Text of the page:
News / USA

Pawlenty Takes First Step Toward US Presidential Bid

Former Minnesota Governor Tim Pawlenty (file photo)
Former Minnesota Governor Tim Pawlenty (file photo)

Former Minnesota Governor Tim Pawlenty has taken the first formal step toward a possible run for the Republican Party’s presidential nomination next year.  Pawlenty announced the formation of a presidential exploratory committee on Monday.

Pawlenty used social networking to announce the formation of his exploratory committee by posting a professionally produced video on his Facebook social networking page.

“There is a brighter future for America.  We know what we need to do: grow jobs, limit government spending and tackle entitlements [government pension, health care and welfare programs],” he said.

Pawlenty added that it was time for the people of the United States, in his words, to “take back our government.”

Setting up an exploratory committee is usually the first formal step toward a presidential bid and allows the prospective candidate to raise money and hire staff.

Pawlenty is the first major Republican contender to take the initial step of setting up an exploratory committee.

Pawlenty is 50-years-old and served as governor of Minnesota for eight years.  During that time, he was known for cutting billions of dollars from the state's budget deficit without raising taxes.

Pawlenty has been emphasizing his budget cutting experience in appearances before Republican voters in some of the early presidential contest states like Iowa, New Hampshire and South Carolina.

He recently spoke to a social conservative group in Iowa. We have a problem in Washington, D.C.  We have some of the leaders there who believe that the enormous, immoral debt in our country does not matter.  It matters!  Just because we followed Greece into democracy does not mean we follow them into bankruptcy!,” he said.

Pawlenty also talks about his Christian faith and his opposition to abortion - topics of interest for socially conservative voters who play a major role in some of the early Republican presidential contests in Iowa and South Carolina.

Recent public opinion surveys show Pawlenty with little support in what is expected to be a crowded Republican field.

Quinnipiac pollster Peter Brown says it is possible that a relative unknown like Pawlenty could emerge from the 2012 Republican field because, at the moment, there is no clear front-runner for the party nomination.

But Brown adds that Pawlenty has a lot of work to do to get his name known outside of his home state of Minnesota.

“It may well be that the Republican primaries will produce a dark horse [a little known contender that makes an unexpectedly good showing], who might wind up being the nominee and who is basically unknown.  I’m sure if you went to a typical shopping mall in the United States and asked people who Tim Pawlenty or Mitch Daniels were, my guess is that you would get a lot of blank stares, he said.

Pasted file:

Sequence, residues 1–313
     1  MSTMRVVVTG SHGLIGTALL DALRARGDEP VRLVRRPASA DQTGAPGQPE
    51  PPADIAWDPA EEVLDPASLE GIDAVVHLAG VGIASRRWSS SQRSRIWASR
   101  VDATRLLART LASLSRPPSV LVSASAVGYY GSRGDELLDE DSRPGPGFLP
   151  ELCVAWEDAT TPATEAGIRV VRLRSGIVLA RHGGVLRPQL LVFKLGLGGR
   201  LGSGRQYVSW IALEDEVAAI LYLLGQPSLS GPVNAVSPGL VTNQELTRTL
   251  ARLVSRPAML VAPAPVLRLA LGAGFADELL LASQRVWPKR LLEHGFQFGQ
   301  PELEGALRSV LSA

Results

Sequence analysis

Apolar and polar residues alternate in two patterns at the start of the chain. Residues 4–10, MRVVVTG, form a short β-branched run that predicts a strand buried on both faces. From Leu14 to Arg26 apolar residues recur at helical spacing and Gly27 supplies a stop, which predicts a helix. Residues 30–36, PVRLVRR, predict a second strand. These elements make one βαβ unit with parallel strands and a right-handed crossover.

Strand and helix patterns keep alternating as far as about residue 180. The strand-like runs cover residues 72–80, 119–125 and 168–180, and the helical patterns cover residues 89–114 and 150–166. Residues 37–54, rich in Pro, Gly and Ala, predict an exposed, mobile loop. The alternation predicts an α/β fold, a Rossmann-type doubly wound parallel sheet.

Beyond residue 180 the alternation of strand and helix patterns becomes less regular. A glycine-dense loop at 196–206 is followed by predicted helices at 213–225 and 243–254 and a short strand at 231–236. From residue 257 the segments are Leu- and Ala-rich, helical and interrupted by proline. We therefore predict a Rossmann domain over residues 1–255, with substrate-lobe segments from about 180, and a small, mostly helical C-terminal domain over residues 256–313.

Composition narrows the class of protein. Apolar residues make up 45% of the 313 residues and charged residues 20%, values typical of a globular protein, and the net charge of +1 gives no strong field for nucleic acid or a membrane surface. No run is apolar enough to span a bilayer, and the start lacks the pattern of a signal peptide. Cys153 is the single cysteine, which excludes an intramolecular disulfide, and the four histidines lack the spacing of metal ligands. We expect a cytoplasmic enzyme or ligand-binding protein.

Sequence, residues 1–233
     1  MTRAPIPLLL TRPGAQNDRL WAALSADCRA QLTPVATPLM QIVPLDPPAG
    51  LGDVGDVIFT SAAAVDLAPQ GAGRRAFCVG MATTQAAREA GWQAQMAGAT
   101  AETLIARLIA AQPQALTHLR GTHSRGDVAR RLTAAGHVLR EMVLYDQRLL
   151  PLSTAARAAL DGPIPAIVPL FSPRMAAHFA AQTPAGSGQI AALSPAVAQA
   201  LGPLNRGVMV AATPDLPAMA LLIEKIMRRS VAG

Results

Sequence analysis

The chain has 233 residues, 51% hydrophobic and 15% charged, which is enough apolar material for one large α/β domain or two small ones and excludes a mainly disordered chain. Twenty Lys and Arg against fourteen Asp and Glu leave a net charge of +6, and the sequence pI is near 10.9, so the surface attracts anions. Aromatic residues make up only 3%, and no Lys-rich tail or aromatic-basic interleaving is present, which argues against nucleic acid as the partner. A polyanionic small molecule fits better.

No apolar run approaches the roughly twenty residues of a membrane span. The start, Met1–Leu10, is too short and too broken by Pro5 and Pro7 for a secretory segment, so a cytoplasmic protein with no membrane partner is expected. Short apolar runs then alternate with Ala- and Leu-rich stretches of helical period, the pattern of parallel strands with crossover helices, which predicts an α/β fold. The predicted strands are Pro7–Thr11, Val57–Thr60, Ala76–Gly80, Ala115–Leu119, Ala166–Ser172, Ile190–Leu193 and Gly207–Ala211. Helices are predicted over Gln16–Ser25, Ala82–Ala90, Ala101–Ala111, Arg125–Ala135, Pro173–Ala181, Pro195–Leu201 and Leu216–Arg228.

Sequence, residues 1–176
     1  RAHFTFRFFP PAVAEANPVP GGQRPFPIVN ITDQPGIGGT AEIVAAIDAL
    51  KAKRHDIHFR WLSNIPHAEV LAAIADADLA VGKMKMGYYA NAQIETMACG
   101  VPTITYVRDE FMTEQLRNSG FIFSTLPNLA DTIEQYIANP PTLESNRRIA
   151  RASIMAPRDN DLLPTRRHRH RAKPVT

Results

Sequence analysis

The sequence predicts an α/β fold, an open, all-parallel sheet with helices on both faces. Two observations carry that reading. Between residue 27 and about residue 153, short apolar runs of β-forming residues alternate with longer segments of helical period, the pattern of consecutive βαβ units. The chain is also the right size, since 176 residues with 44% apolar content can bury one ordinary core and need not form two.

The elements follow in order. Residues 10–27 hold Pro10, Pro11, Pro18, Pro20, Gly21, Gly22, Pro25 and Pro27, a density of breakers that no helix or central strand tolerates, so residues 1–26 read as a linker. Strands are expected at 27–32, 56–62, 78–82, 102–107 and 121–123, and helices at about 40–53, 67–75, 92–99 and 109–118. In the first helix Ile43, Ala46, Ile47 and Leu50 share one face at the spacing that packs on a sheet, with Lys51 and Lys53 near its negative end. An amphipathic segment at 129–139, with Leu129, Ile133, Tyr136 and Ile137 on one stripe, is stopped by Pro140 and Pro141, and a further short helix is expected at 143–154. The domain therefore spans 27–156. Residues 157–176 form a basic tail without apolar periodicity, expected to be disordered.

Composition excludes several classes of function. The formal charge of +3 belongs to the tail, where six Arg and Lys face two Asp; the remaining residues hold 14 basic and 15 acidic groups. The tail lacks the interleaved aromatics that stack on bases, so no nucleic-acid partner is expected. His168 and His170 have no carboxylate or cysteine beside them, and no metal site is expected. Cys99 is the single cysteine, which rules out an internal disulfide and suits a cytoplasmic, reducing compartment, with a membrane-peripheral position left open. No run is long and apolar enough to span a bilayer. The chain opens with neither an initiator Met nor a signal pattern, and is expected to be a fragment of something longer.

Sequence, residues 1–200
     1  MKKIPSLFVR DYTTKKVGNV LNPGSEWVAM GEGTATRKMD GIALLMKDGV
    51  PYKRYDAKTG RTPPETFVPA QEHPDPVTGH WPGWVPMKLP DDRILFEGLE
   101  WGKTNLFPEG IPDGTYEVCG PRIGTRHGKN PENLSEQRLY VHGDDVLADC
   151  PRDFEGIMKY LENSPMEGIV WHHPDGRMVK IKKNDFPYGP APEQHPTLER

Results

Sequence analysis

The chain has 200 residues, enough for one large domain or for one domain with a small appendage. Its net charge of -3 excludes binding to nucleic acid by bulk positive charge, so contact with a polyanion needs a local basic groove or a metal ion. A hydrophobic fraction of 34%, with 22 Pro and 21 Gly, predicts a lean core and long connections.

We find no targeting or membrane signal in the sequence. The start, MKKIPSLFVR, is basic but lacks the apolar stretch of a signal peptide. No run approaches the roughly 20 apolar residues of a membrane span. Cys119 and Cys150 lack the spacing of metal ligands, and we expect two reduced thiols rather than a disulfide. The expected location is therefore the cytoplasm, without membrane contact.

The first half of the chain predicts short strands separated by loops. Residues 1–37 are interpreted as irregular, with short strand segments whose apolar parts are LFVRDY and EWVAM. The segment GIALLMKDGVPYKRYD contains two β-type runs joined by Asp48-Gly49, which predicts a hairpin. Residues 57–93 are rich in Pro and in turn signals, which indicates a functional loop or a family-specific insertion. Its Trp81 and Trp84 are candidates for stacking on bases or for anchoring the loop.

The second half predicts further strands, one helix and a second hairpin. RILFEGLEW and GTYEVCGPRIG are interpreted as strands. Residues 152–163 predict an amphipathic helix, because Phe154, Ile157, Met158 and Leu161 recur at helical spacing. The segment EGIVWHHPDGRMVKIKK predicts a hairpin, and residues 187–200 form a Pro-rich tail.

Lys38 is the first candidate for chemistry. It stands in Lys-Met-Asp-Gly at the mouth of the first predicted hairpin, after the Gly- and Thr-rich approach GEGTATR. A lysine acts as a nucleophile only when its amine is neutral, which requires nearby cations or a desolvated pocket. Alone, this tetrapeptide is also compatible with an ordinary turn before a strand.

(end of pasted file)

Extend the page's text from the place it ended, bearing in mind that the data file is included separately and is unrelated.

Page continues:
Mitch Daniels is the Governor of Indiana and another possible Republican presidential contender:

Public opinion polls show that the potential Republican Party candidates with the most support include former Massachusetts Governor Mitt Romney, former Arkansas Governor Mike Huckabee, former Alaska Governor Sarah Palin and former U.S. House of Representatives Speaker Newt Gingrich.  All four are bunched near the top of most opinion surveys, even though none of them has officially declared his or her candidacy.

Several other lesser-known Republican contenders might also emerge in the months ahead.  Political analysts expect many of those interested in running for president next year to formally announce their intentions within the next few months.

You May Like

Koreas Mark 61st Anniversary of War Armistice

Muted observances on both sides of heavily-armed Demilitarized Zone that separates two decades-long enemies More

Judge Declares Washington DC Ban on Public Handguns Unconstitutional

Ruling overturns capital city's prohibition on carrying guns in pubic More

Pricey Hepatitis C Drug Draws Criticism

Activists are using the International AIDS Conference to criticize drug companies for charging high prices for life-saving therapies More

This forum has been closed.
Comments
     
There are no comments in this forum. Be first and add one

Featured Videos

Your JavaScript is turned off or you have an old version of Adobe's Flash Player. Get the latest Flash player.